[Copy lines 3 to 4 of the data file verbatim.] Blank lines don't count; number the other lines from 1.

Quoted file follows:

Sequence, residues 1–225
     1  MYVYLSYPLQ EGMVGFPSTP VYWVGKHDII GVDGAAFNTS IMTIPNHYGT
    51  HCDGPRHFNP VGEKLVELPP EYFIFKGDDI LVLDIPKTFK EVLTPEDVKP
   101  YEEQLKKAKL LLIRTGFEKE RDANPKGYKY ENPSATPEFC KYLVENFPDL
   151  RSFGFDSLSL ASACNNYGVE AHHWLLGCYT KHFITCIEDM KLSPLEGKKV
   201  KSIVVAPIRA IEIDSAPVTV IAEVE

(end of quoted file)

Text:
    51  HCDGPRHFNP VGEKLVELPP EYFIFKGDDI LVLDIPKTFK EVLTPEDVKP
   101  YEEQLKKAKL LLIRTGFEKE RDANPKGYKY ENPSATPEFC KYLVENFPDL